Does being patient pay off?

Are laggards more likely to be satisfied or dissatisfied? The answer might surprise you. Philip Derham reports.

This article first appeared in the June 2016  edition of the AMSRS Research News and is republished with permission.

Clients often use measures of customer satisfaction as an element in their assessments of their own corporate effectiveness, competitive advantage, and senior management’s performance – and related senior managers’ bonuses. Our online surveys thus normally include satisfaction measures, which we seek to make as effective and accurate as possible.

When reviewing satisfaction measure effectiveness, we look at the data itself and how we have measured that. Today, this can often include how long the online survey is open, as clients are often keen on speedy, though accurate, results.

Our online survey software allows us to see when each survey response is received. When graphed, the time and day results from a recent 2,934-sample survey, with three email contacts, raised questions, as Figure 1 indicates.

The double peaks of high response within 24 hours of each email’s dispatch, shown in Figure 1, was initially interesting but had a simple explanation. The survey invitation emails were sent in the early afternoon and would have been received shortly after. Most who responded did so when they received the emails – mainly in the afternoon and evening of the day of dispatch or the next morning, with few accessing their emails overnight, hence, the response was largely immediate, as Figure 2 shows.

Figure 2: Survey completion in the 24 hours from the dispatch of the survey invitation, shown on a 24-hour clock face

This lead us to question why a few took two, three, and up to six days after the email was received to complete the survey. We first wondered if these laggards were dissatisfied customers.

The evidence indicated they were not; only three per cent of those who responded were dissatisfied. In contrast, among those who answered within 24 hours of the email, only three per cent were dissatisfied, and two per cent of those who responded two, three or four days later were dissatisfied. Hence, the laggards were not dissatisfied customers. Nor did the second or third email affect the low dissatisfied rate, suggesting more prompts do not, of themselves, cause dissatisfaction.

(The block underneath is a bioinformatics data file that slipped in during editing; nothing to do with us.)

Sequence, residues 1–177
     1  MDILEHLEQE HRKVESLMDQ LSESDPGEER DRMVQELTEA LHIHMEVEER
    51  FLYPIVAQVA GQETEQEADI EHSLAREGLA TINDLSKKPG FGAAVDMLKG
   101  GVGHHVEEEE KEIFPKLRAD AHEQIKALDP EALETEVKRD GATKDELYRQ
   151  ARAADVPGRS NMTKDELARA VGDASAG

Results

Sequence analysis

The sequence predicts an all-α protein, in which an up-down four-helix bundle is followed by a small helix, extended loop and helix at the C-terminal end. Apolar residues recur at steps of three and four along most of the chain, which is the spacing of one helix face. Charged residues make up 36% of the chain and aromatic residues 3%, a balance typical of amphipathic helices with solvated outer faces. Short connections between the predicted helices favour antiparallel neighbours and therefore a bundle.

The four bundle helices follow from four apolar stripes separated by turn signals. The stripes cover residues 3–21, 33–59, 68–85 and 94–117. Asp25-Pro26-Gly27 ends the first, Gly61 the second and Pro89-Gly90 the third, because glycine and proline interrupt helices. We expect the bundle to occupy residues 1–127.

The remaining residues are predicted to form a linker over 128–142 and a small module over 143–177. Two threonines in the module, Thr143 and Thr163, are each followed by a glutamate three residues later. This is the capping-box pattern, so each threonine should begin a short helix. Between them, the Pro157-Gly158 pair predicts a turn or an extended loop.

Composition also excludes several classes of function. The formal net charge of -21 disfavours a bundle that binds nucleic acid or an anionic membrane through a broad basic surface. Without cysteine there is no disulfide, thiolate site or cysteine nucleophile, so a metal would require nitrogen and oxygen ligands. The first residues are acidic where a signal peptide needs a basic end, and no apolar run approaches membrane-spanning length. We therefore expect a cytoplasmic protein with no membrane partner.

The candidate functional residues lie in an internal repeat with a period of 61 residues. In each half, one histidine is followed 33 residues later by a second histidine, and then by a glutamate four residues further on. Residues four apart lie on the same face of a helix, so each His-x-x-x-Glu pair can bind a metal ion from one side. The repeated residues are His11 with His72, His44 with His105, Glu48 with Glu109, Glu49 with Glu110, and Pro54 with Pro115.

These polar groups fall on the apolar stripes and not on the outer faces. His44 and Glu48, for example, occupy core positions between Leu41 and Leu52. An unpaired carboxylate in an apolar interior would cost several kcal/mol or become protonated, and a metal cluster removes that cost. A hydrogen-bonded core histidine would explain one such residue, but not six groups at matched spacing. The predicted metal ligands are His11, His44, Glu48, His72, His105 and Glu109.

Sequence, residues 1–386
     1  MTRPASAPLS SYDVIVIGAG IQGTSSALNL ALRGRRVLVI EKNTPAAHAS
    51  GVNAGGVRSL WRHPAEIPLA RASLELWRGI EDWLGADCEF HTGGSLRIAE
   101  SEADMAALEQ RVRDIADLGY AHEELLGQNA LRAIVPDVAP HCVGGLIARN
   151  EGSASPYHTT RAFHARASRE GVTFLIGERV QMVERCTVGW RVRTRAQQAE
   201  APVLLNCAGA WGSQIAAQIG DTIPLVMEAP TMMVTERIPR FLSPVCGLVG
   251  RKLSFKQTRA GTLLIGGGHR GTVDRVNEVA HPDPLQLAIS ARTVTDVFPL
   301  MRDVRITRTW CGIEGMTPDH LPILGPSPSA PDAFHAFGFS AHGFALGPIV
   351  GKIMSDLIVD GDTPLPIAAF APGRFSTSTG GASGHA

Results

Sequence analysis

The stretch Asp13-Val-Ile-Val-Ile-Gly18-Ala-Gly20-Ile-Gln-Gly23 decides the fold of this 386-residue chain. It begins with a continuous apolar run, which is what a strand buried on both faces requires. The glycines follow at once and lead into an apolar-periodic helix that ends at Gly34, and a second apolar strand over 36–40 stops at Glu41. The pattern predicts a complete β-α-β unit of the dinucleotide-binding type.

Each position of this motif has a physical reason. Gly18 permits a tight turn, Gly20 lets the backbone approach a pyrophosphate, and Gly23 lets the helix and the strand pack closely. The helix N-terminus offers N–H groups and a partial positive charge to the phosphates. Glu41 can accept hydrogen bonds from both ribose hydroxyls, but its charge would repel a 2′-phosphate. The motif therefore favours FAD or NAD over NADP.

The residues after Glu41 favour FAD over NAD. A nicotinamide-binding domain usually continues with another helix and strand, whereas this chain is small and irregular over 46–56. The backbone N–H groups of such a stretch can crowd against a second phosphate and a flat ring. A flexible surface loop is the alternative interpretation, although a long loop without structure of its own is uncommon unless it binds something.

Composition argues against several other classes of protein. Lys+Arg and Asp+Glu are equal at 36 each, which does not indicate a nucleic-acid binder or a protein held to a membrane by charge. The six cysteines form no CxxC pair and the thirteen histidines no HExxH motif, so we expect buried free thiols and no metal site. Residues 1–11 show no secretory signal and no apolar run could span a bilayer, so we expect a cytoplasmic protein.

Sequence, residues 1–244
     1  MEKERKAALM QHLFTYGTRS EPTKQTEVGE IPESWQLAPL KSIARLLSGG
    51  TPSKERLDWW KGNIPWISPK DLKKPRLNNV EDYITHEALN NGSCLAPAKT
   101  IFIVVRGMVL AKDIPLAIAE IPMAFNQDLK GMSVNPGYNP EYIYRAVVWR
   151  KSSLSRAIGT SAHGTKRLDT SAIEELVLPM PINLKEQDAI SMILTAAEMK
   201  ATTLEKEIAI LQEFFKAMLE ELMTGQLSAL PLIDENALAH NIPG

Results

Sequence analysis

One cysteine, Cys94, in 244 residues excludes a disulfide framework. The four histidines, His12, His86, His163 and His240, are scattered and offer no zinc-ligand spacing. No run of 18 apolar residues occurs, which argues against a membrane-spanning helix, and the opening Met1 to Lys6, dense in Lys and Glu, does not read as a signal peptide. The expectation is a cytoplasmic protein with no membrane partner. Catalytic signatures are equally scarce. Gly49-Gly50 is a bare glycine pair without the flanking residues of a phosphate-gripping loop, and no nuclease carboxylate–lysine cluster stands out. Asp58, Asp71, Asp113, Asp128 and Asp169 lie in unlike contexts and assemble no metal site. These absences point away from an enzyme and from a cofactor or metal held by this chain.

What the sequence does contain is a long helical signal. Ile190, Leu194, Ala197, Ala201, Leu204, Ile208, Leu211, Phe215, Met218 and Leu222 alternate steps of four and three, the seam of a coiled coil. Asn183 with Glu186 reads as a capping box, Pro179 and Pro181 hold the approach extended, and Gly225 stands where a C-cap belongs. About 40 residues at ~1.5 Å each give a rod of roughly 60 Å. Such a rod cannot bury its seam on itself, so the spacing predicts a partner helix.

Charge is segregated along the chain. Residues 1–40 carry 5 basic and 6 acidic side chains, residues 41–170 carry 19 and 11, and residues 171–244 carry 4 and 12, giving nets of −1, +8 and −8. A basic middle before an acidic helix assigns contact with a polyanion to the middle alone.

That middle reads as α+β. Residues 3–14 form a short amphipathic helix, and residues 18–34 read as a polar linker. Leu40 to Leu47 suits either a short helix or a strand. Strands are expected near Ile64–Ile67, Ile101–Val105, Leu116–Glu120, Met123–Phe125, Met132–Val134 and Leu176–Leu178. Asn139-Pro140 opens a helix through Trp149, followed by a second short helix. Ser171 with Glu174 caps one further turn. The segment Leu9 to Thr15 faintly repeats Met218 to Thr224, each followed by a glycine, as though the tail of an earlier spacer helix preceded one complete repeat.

However, there was a significant difference between groups of satisfied customers, depending on their time of response.

Overall, and the result reported to the client, was that 86 per cent of customers were at least satisfied with the client – and 55 per cent were very satisfied. The remaining 11 per cent were neutral, had not used the service, or had not answered the question.

The significant difference was that while 55 per cent of all customers were very satisfied, and 54 per cent of those who did the survey within the first 24 hours were very satisfied, proportionately more customers who did the survey two, three, four or five days later were very satisfied – 62 per cent, as Figure 3 illustrates.

Figure 3: Comparisons of very satisfied customers, in total, of those who responded within 24 hours of an invitation, and those who responded later

It is unlikely that the difference between the two groups is due to chance, as the late responders’ group results were nearly three standard errors larger than the results from the group that responded within 24 hours of the invitations.

An interpretation of these results is that while most of the very satisfied customers will complete an online survey immediately, a separate, numerically smaller but proportionately larger group of very satisfied customers will complete the survey some days after they receive their invitations.

The conclusions from this one survey analysis are that:

  • The practice of sending up to three email invitations to customers on client databases does not increase the proportion of dissatisfied customers
  • The longer the online survey is open (to the 14 days tested), the more very satisfied customers will complete it. This may strengthen the proportion of satisfied customers reported to clients, and so strengthen their own subsequent satisfaction-related actions.
  • However, if results are urgently required, online satisfaction surveys can be closed earlier, with slight reductions in overall net satisfaction scores likely.
  • It would useful to undertake further analysis to compare very satisfied customers who immediately complete the survey with those who take two or more days later to do so.
  • These single online survey findings have stimulated us to look at more of our surveys to see whether this is a singular result, or a harbinger, and to report those findings later. We suggest others may wish to review their satisfaction survey results to see if we can develop a broader industry view on this.

Philip Derham, Director, Derham Marketing Research Pty. Ltd.

This article first appeared in the June 2016  edition of the AMSRS Research News and is republished with permission.